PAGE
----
The official group of Democratic candidates vying for the presidency already touts more than 20 names. And it's by no means too late for the list to keep growing. In a Thursday interview with the podcast "Pod Save America," Stacey Abrams hinted a 2020 run for president still isn't out of the question for her.
"Pod Save America" co-host Daniel Pfeiffer (who was previously the communications director for former President Barack Obama) asked Abrams if she would think about joining the "ever-growing Democratic presidential field." Abrams, who ran an ultimately unsuccessful gubernatorial race against former Georgia Secretary of State Brian Kemp in November 2018, responded with a brief but telling "yes."
Earlier this year, however, Abrams told SXSW in Austin, Texas, that the "earliest" she would launch a presidential campaign would be in 2028, Politico reported. "In the spreadsheet with all the jobs I wanted to do, 2028 would be the earliest I would be ready to stand for president because I would have done the work I thought necessary to be effective in that job," the Democrat said.
After her SXSW interview, though, Abrams went on Twitter to say that she didn't mean to eliminate a 2020 presidential run altogether. "In #LeadFromTheOutside, I explore how to be intentional about plans, but flexible enough to adapt. 20 years ago, I never thought I’d be ready to run for POTUS before 2028. But life comes at you fast," she said. "Now 2020 is definitely on the table."
Speculation about Abrams running for president is abundant, according to The Daily Beast. In March, The View co-host Joy Behar asked Abrams about rumors that former Vice President Joe Biden wanted the Peach State Democrat on his presidential ticket. Abrams swiftly shut that rumor down and told The View co-host, "I think you don't run for second place."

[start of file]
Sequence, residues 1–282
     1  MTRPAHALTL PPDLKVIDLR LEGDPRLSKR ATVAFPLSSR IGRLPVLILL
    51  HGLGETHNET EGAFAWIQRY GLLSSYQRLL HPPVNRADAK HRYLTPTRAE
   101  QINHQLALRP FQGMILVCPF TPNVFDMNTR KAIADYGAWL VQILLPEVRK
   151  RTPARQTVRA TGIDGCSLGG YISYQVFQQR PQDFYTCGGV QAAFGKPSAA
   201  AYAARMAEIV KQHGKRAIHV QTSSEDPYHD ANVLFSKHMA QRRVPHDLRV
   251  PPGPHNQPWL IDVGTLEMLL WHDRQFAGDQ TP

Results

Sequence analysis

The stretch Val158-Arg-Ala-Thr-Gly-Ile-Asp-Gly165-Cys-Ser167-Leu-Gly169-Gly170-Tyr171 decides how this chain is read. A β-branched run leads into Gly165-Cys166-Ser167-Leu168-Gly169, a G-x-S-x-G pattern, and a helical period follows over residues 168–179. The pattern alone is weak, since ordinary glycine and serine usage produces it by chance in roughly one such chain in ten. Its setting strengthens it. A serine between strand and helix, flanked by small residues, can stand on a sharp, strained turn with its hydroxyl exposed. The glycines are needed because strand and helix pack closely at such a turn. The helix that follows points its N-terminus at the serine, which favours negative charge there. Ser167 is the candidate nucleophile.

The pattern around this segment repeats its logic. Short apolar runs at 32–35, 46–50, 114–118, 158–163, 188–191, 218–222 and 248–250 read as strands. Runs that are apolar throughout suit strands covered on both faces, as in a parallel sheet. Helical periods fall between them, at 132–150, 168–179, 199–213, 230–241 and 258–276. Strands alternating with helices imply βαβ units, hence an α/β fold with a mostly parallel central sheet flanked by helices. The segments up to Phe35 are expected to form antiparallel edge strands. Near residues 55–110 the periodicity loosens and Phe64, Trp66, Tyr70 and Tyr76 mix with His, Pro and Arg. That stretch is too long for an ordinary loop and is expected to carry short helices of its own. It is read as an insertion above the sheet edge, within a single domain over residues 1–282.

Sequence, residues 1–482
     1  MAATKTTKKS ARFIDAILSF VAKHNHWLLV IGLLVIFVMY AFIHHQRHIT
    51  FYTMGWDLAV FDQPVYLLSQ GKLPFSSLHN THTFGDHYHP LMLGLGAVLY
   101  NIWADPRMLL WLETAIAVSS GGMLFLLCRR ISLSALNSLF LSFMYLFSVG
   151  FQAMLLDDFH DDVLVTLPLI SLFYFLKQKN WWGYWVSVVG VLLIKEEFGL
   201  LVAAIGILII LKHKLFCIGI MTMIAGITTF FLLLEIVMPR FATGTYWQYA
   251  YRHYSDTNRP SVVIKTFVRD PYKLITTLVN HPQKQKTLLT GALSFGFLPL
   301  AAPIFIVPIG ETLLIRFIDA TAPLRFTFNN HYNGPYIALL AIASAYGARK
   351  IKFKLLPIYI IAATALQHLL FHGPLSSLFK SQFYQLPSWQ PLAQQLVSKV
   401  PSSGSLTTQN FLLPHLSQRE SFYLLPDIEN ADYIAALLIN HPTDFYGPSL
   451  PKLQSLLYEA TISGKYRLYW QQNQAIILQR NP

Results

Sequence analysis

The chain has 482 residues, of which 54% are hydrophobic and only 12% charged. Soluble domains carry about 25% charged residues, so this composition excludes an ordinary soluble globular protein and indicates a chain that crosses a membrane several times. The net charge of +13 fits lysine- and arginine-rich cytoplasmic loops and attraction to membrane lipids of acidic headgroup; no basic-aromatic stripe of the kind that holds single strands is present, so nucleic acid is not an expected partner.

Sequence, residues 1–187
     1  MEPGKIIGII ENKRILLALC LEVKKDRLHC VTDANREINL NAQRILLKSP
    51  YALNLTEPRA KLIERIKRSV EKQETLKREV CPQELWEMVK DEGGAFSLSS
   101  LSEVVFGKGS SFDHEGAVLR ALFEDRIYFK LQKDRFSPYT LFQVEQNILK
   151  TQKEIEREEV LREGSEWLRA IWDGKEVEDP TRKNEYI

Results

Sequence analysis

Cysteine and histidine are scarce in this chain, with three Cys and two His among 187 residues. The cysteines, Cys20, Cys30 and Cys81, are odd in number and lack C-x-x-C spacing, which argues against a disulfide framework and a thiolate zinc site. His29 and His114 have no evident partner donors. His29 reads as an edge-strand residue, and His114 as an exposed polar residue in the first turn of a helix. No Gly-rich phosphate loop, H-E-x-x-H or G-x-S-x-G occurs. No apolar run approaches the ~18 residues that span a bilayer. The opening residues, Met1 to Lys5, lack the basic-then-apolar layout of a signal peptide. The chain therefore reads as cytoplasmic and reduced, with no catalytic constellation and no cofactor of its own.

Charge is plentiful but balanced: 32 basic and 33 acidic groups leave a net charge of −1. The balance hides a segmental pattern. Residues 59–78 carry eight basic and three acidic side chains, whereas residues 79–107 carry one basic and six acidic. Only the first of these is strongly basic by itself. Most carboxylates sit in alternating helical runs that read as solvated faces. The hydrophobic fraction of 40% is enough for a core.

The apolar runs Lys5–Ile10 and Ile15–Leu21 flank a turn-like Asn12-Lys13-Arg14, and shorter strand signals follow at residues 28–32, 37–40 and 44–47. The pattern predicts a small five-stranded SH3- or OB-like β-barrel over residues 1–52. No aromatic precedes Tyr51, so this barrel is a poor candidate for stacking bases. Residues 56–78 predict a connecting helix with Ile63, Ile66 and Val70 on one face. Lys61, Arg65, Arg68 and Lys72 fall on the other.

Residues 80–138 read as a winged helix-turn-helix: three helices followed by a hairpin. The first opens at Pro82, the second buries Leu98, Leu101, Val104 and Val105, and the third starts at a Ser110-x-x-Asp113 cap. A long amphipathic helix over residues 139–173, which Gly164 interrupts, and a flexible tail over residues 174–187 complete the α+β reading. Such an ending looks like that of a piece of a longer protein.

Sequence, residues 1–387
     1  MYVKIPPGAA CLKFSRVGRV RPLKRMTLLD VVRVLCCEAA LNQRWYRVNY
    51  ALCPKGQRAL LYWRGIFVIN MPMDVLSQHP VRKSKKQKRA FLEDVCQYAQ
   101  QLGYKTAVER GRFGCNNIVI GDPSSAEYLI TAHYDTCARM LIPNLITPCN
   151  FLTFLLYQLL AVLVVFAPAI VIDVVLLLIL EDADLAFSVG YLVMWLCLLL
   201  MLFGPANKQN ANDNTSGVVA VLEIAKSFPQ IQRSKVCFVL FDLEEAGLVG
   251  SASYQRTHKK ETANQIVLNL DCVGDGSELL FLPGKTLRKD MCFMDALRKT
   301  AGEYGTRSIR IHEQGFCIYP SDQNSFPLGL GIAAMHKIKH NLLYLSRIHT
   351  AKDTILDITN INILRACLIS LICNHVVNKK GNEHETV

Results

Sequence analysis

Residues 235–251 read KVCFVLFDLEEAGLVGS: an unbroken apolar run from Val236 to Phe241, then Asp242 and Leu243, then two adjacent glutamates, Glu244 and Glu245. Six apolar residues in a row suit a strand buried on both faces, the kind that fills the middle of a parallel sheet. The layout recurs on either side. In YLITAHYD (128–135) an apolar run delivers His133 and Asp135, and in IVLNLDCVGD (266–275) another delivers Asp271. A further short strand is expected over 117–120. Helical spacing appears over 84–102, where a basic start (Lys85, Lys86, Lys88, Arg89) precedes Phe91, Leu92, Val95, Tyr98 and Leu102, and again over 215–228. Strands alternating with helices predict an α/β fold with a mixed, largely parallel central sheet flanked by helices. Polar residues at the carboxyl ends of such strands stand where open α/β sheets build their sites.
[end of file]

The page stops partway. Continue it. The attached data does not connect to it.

That month, the former gubernatorial candidate said on the show, "If I’m going to enter a primary, then I’m going to enter a primary. And if I don’t enter a primary, my job is to make certain that the best Democrat becomes the nominee and whoever wins the primary that we make sure that person gets elected in 2020."
When Behar asked Abrams about a reverse (and so far non-existent) "Abrams-Biden ticket," the Democrat mused, "I am open to a number of options right now." Ultimately, Abrams said, "The Senate race, running for governor again, possibly running for president, and my responsibility is to take seriously the responsibility, to give credibility to those who are asking me but to make sure I’m the right person, it’s the right time, and it’s the right job."
It's no surprise that people seem curious about Abrams' future plans, including perhaps running in the 2020 presidential race. And it may have to do with her passion for justice. During the gubernatorial race in 2018, the Democrat received nationwide praise for fighting for the rights of black voters in Georgia.
In an effort to shed light on voting rights, Abrams told NPR that she was almost denied casting an early ballot in October after a poll worker told her she had apparently requested an absentee ballot. Abrams told NPR she never did and made this much clear to the site's manager, who resolved the issue later on.
Voting should be made accessible for everyone, Abrams asserted in November. The Democrat said that she was privileged to know the law and raise the issue to the site manager but "thousands, millions in Georgia" did not know this. And that, she said, needed to be fixed right away.